Basilica of Santa Maria Novella - Table of Contents  ...........................  Architecture Around the World

Exterior - Basilica of Santa Maria Novella
Piazza di Santa Maria Novella, Florence, Italy

Name origin: A Dominican church replaced a smaller 10th c. church; hence, the name "Novella."

Architects:

1279-1357:  Dominican friars, Fra Sisto, Fra Ristoro, Fra Jacopo Talenti.
             
1458-1470 facade:  Leon Battista Alberti (LAY on ba TEES ta al BER tee).

Style:

1279-1357: Romanesque

1458-1470: Early Renaissance

Building materials:

Green marble of Prato, located a few kilometers from Florence, which can display different shades of green, from light green to almost black, as well as yellow and green streaks  (also used at the Florence Baptistery and at the church of San Miniato

On this page, below:

History

Upper facade

Rectangular base

South elevation and Cemetery


Excerpts

Funding the Facade of Santa Maria Novella 
Walking Tours of Florence (online May 2020)

Emblazoned across the top of the beautiful facade of the church of Santa Maria Novella is an inscription: IOHANES.ORICELLARIUS.PAV.F.AN.SAL.MCCCCLXX (Giovanni Rucellai. Son of Paolo. Year of Salvation. 1470). 

Rucellai’s name derives from the nature of the trade which was the source of his family’s initial wealth. The family were once importers of oricello (orchil), a plant which was treated with ammonia to produce a precious dye used for the colouring of cloth. The family had originally been called the Oricellari and it is the Latin form of this name that we see on the facade.  The facade is also adorned with the emblem of Giovanni Rucellai, which took the form of a sail billowing in the wind.

Work on the facade began in 1350, thanks to a bequest by Turino di Baldese, who had died in 1348. However, the funds ran out with only the lower half completed. A century later Giovanni Rucellai (1403-81), a member of a wealthy family of wool merchants, offered to finance the completion of the facade, on the condition that his name be incorporated in the design. The church agreed.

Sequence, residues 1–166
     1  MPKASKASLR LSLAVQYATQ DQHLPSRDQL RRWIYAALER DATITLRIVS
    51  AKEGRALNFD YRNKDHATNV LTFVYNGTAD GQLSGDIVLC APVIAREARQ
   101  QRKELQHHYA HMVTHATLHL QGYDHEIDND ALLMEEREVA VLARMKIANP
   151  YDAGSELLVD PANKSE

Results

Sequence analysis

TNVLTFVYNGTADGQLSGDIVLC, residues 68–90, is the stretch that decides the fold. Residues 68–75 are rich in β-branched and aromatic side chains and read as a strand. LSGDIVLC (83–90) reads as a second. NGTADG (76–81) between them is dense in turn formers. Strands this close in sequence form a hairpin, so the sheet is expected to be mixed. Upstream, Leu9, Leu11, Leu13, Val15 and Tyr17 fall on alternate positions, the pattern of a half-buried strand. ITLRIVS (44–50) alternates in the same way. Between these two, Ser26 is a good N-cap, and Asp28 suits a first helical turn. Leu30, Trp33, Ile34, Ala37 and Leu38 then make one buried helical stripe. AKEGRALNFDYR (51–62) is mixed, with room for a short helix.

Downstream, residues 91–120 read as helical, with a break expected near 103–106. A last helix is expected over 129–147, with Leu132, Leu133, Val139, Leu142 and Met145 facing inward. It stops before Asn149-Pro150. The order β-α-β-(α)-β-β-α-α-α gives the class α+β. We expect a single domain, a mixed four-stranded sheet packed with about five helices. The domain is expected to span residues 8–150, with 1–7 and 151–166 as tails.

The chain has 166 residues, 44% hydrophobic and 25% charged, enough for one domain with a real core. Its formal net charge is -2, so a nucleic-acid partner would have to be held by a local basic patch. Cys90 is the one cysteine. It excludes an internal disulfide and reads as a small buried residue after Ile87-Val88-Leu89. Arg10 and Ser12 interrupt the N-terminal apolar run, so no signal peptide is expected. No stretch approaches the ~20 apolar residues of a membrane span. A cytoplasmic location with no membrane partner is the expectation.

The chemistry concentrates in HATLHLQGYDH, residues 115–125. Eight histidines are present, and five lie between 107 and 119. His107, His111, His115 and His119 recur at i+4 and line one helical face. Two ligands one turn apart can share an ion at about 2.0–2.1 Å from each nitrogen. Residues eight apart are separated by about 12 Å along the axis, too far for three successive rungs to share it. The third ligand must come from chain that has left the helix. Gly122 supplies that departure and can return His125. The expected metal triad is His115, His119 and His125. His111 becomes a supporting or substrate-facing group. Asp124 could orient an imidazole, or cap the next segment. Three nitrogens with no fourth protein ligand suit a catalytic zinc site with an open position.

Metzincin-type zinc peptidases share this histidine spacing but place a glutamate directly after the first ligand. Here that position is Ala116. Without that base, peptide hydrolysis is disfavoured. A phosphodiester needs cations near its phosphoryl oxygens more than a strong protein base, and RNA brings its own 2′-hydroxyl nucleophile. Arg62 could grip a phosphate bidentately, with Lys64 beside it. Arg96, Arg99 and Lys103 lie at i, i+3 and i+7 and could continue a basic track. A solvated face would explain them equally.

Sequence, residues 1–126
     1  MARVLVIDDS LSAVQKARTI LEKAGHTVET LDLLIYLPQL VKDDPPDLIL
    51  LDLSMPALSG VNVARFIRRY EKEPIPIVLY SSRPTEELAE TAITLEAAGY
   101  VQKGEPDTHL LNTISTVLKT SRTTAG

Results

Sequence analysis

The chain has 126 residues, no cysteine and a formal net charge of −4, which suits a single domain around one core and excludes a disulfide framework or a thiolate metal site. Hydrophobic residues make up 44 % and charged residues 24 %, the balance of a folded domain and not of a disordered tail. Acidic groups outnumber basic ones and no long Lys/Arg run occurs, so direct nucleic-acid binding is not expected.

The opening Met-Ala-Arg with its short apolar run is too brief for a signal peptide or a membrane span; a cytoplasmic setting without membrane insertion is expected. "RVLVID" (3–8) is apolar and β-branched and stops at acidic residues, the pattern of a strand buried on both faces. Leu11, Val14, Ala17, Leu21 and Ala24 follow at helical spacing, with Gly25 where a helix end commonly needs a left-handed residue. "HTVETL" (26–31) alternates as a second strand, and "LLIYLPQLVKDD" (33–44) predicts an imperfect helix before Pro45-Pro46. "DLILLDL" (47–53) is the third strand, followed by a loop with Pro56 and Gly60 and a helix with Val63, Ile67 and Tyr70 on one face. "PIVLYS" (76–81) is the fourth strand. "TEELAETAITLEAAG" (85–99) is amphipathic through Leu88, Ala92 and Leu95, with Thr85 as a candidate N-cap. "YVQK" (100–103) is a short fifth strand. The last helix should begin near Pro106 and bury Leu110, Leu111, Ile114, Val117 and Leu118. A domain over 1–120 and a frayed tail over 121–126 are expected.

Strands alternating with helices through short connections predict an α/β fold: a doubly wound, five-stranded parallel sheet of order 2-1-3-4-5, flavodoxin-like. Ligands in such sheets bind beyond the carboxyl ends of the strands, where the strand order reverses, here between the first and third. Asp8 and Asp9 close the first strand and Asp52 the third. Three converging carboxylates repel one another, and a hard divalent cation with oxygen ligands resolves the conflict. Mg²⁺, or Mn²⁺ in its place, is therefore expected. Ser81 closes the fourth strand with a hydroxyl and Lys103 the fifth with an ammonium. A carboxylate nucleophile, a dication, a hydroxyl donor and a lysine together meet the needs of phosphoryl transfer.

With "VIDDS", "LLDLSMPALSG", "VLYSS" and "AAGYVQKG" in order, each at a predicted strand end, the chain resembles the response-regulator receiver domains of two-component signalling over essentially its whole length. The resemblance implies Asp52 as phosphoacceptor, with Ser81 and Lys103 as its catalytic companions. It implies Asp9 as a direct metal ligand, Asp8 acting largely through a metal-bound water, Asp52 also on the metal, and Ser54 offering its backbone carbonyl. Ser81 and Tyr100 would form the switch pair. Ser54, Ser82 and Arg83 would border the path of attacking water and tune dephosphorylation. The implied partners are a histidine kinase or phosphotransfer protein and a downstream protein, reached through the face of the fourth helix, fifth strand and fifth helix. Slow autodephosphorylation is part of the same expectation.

The designer of the project was that great all-rounder of the Renaissance Leon Battista Alberti (1404-72), who also designed the Rucellai family pile [group of buildings], which lies nearby. The work was carried out by Giovanni di Bertino between 1458 and 1470.






Romanesque bell tower/campanile with tall pyramidal  spire behind left scroll buttress   ...   The combined facade can be inscribed by a square; many other repetitions of squares can be found in the design.   ...   Photos below divided by upper facade and rectangular base:





Upper facade - designed by Leon Battista Alberti, 1458-1470


Upper facade
Romanesque bell tower/campanile with tall pyramidal  spire behind left scroll buttress     ...     Inlaid green and white marble   ...   Top tympanum  above frieze which reads IOHANES.ORICELLARIUS.PAV.F.AN.SAL.MCCCCLXX (Giovanni Rucellai. Son of Paolo. Year of Salvation. 1470)     ...   
Flanking scroll buttresses     ...   Four striped pilasters    ...   Circular window 


Upper facade
Triangular pediment   ...   
Tympanum (pediment interior)



Upper facade
Tympanum detail:    Modillions   ...   Egg-and-dart molding   ...   Dentil molding   ...   Sun face: Dominican solar emblem with the face of baby Jesus



Upper facade
  Tympanum detail: Modillions   ...   Egg-and-dart molding   ...   Dentil molding   ...     Spandrel



Upper facade
Frieze text, in Latin: IOHANES.ORICELLARIUS.PAV.F.AN.SAL.MCCCCLXX (Giovanni Rucellai. Son of Paolo. Year of Salvation. 1470).     ...   See explanation ABOVE on this page



Upper facade